I’m half way through TTTW which I started a few days ago. It’s a book with over 500 pages so, for me, this is quite an achievement as I’ve always read very slowly. As with housework, I’ve can be easily distracted, but this one is emotional, heartstring-pulling, possible but not possible tale and all the hype surrounding the title, imho, has been worth listening to.
Maybe I’m developing the art of reading like I would a muscle in a gym, because I now have an end goal now. Which is to be better-read. Having lived through a period when I didn’t read any fiction for probably fifteen years or more, I now crave it.
During the last ten months I’ve read over twenty books. Whether it’s coincided with other more positive outlooks, or simply a coincidence I’m unsure. What I do know is, my brain now spends time thinking, wanting, actively needing fiction.
I still use social media, but mostly these days to keep in touch with reading and writing buddies. Yesterday I met a group from the RNA (Romantic Novelists Ass) – not to be muddled up with the NRA.
As always, I came away re-focused and driven. I ate my Pizza Express starter while absorbing the inspiration of two ladies on the opposite side of the marble table, one of whom, Kate Hardy, has written over 60 titles for Mills & Boon and the other, Caroline Anderson, has just completed her 100th. Shall we pause for a moment and just consider that achievement?!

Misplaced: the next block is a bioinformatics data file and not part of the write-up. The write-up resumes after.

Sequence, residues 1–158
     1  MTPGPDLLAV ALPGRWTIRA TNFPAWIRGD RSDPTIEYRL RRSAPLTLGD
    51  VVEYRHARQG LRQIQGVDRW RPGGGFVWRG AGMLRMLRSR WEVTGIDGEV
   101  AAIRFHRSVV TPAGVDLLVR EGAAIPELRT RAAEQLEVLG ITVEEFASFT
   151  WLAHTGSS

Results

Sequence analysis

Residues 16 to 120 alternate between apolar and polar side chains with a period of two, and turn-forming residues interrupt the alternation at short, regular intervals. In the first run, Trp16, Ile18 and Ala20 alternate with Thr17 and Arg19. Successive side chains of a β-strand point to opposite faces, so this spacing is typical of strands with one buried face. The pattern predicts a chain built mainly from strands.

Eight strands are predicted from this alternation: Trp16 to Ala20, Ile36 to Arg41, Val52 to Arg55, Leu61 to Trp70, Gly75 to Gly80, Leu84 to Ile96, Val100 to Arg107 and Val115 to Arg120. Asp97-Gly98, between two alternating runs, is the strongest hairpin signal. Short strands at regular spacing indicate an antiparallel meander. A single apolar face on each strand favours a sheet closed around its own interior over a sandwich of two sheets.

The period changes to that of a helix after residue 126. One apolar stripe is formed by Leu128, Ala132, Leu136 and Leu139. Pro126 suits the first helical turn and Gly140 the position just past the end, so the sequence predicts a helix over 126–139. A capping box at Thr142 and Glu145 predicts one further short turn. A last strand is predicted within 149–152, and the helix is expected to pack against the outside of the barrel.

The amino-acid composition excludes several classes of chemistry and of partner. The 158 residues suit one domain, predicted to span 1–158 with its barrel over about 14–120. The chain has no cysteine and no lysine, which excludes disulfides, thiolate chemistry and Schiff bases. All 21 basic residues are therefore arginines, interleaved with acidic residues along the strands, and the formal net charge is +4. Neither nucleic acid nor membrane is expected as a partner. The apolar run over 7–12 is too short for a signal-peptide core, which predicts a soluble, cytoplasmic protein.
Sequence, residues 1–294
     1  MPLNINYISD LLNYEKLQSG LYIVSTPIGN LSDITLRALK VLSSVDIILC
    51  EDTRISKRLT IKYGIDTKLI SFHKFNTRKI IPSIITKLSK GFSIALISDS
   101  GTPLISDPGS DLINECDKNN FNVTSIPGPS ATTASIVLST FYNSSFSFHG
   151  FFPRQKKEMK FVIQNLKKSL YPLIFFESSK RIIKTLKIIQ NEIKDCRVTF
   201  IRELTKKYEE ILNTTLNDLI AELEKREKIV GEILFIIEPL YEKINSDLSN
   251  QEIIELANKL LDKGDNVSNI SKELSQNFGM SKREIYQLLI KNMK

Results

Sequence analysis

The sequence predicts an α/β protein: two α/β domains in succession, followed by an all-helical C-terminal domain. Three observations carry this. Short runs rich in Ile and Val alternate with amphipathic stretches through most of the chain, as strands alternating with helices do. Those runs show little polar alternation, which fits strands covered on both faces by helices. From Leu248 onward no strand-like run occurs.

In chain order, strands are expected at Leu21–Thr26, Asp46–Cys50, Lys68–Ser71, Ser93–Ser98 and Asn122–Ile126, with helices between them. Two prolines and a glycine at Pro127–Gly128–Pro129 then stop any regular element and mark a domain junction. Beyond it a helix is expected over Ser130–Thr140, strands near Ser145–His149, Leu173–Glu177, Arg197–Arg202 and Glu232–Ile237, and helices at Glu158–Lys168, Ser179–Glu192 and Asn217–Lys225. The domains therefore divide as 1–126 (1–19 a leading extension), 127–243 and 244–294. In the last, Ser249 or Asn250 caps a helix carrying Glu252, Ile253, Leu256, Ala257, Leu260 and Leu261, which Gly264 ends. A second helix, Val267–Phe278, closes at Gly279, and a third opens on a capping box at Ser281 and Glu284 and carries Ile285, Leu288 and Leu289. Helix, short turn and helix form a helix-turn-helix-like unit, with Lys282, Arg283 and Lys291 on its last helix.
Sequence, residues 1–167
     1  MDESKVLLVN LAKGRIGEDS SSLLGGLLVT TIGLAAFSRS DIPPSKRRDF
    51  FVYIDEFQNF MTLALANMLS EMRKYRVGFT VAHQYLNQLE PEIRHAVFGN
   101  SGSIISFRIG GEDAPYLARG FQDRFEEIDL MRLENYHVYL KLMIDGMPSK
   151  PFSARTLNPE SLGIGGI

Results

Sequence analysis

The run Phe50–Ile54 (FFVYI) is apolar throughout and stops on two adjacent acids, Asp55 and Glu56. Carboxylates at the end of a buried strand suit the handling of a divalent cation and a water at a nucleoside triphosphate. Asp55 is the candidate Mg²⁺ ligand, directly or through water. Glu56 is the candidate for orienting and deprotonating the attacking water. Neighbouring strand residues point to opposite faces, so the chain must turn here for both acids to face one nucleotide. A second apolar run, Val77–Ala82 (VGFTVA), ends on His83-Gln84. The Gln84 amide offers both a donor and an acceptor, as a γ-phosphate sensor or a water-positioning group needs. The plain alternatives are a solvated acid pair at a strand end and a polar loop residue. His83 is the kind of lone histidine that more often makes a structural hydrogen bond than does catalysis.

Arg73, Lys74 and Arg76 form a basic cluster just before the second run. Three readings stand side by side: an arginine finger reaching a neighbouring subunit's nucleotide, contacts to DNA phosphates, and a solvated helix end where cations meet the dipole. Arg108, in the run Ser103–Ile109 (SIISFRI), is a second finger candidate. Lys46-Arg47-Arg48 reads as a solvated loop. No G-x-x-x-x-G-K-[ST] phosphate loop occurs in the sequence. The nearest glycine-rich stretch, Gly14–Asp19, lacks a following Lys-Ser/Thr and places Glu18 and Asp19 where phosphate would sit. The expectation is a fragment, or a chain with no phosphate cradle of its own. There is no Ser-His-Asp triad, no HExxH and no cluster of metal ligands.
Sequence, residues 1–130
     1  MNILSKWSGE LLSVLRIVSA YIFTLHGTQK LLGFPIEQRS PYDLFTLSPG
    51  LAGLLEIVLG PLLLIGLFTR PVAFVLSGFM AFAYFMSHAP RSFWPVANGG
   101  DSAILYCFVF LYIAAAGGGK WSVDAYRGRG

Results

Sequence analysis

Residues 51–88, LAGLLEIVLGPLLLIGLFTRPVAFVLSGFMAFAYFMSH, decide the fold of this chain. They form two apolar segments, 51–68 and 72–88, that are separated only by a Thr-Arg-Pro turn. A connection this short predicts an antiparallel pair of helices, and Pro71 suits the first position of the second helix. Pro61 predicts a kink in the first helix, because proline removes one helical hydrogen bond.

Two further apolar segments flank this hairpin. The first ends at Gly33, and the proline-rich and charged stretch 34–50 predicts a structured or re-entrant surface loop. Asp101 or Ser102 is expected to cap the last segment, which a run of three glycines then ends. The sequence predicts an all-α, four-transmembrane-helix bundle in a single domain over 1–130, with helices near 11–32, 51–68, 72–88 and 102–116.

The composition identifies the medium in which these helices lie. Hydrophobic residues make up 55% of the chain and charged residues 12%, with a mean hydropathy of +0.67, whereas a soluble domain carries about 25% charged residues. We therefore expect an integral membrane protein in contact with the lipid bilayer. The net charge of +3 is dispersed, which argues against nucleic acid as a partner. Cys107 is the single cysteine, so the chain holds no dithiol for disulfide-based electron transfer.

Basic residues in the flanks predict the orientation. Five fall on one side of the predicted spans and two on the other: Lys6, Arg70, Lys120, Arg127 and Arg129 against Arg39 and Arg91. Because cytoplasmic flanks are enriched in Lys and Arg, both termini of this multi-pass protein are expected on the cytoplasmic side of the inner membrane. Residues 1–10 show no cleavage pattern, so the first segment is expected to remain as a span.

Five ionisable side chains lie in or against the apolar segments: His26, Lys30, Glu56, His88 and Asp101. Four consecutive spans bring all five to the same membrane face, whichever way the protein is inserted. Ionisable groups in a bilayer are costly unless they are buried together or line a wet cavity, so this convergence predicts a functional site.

For regular readers of Harlequin/Mills and Boon romances, they will know that the bosses at the top choose the covers, the titles and update the ‘look’ of the various lines, as they are known, as often as they deem necessary. Kate and Caroline (whose real names I shall keep to myself) explained they merely get on with writing the stories.
While I now understand there is no archaic ‘formula’ which M&B authors have to rigidly adhere to – a misnomer which many believe – I do ‘see’ the need to keep stories within the parameters of the expectations of their gazillion stoic readers around the world. Hence, medical romance readers will always require their heroin or hero to be a nurse, doctor, a surgeon but you can place them anywhere in the world you wish.
While I continue my internal debate – that my plots may be more dark and complicated than the Mills & Boon editors would wish to work with – I am thoroughly enjoying the journey of discovering where my writing talents (if any) lie.
I had some interesting feedback from Harlequin in February this year, in response to a competition entry which said ‘We enjoyed your setting and the hero has real potential. However, we would not wish to work with the coercive control aspect as our readers would not enjoy this. We also need to hear more in the synopsis about what your hero’s and heroin’s goals are and how their story unfolds. Good luck and when you have thought about how you might rework this piece to suit us, please send it in again.’
At the time, I was a mixture of ruffled feathers (how can I possibly remove a whole plot line from Riya’s backstory … remember John and the Radhanagari Damsel??) and elation that I’d received an email from staff from THE MILLS&BOON people!